Contribution of the technology to economic development (including energy market support) top

Methanol is derived from fossil fuel (i.e. natural gas). This gives an abundant supply of methanol and allows gas supplies to be distributed and used in an easy form. Methanol production costs are less than half those of ethanol (Stokes and Ebbeson, 2005). Methanol makes the gas as by-product from oil available for local communities.

Climate top

The greenhouse gas emission reduction effect from using biomass for energy production is subject to some controversy as it is important to consider the full life cycle of the fuel and the materials used in the technology and the products of incomplete combustion. Important aspects to consider are:

  • the feedstock used (by-product of sugar production, biomass distillation or from sorghum, or raw materials which could have been used for food production). If methanol is produced from a raw material that would otherwise have been used for food production, then the greenhouse gas emissions related to producing this food in an alternative manner need to be incorporated as well.
  • the supply chain: the distance to transport feedstock to methanol production site (or whether produced domestically or imported) and the transport mode used,
  • the production process itself, and
  • what is replaced by the methanol: e.g. unsustainably harvested wood stove or fossil fuelled kerosene stove.

For calculation of these GHG emission reductions, it is recommended to apply the approved methodology for thermal energy production with or without electricity project (small scale activities) which has been developed under the Clean Development Mechanism of the UNFCCC Kyoto Protocol (CDM). This methodology helps to determine a baseline for GHG emissions in the absence of the project (i.e. business-as-usual circumstances), how emission reductions below this baseline can be calculated, and how these reductions can be monitored. General information about how to apply CDM methodologies for GHG accounting can be found at: http://cdm.unfccc.int/methodologies/PAmethodologies/approved.html

Financial requirements and costs top

As explained above, costs and availability of the stoves will also depend on in-country conditions, such as differences between rural and urban areas, 'competition' from 'free-of-charge' firewood, decision making responsibility of women, and availability of materials. Based on Messiri (2006), the DTSG/OPTS Initiative in Nigeria estimates some costs for methanol from modular plants (see Figure below).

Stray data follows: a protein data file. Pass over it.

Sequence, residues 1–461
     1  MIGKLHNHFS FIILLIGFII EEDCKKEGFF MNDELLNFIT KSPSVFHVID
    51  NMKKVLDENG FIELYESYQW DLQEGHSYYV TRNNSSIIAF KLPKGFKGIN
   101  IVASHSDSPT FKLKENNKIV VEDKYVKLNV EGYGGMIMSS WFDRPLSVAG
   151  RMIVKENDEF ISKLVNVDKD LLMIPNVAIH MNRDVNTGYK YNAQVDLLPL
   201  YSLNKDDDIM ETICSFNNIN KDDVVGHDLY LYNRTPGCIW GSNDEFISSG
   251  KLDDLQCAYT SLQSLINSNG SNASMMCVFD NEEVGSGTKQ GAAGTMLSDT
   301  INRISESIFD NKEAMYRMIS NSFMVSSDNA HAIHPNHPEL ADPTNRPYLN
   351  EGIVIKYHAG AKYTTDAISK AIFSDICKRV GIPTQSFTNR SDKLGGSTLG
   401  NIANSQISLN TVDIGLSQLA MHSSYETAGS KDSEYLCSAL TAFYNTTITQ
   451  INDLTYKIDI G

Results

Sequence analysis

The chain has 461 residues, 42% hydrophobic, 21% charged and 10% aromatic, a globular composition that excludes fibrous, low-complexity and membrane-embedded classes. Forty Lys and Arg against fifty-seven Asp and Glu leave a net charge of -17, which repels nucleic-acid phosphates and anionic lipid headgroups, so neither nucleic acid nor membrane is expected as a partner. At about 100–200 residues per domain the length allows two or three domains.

illustration © climatetechwiki.org

Figure 1: Projected cost for methanol from modular plan (Source: Messiri 2006)

The European Commission finances the Intelligent Energy Europe (IEE) programme, the EC Buildings directive, the Sustainable Energy Europe programme and Concerto (sustainable energy for communities initiative), with the objective to promote the development of sustainable energy technologies and systems. However, methanol stoves are not currently featured as these are commercially available within the EU and regarded as suitable for remote areas or leisure activities. The biomass gasification model, especially that for China, where local gas supply systems are used, could be applied to the EU and especially in rural areas and perhaps could be considered under the sustainable energy and community programmes.

The activities to develop and implement ethanol/methanol and biomass gasification stoves in developing countries have been financed either by national governments in developing countries (e.g. the ethanol stoves in Malawi and South Africa), or have resulted from an EU technology transfer partnership (Grimm et al., 2002), or been funded by charitable organisations such as the Shell Foundation. REEEP is another possible partner for promoting these technologies in a developing country. NGOs concerned about the health effects of 3-stone fires could also engage in the use of these stoves.

References top

ENTTRANS. 2008. Promoting Sustainable Energy Technology Transfers through the CDM: Converting from a Theoretical Concept to Practical Action, EU 6th Framework Programme, contract number: 022673.

Grimm, H.P., Helm, P., Grassi, G., Lutter, E., Fjaellstroem, T., Dong, W. 2002. Fostering EU-China cooperation in the development of the biomass fuelled heating and cooking stove market in China, 12th European Conference on Biomass Energy, Industry and Climate Protection.

IEA, 2006. World Energy Outlook 2006, OECD/IEA, Paris, France.

Messiri, T. 2006. Mini-methanol plant. DTSG/OPTS Initiative. Available at: http://www.worldbank.org/html/fpd/ggfrforum06/belguedj/messiri.ppt

Practical Action, 2007. Avalaible at: http://practicalaction.org/?id=energy

Stokes, H., Ebbeson, B. 2005. Project Gaia: Commercialising a new stove and new fuel in Africa, Boiling Point, No. 50, pp. 31-33.

Warwick, H. Doig, A. 2004. Smoke: the Killer in the Kitchen, Indoor Air Pollution in Developing Countries, ITDG Publishing, London, United Kingdom.


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Alternate Uses of Methanol

I would like to understand alternate uses of Methanol in Nigeria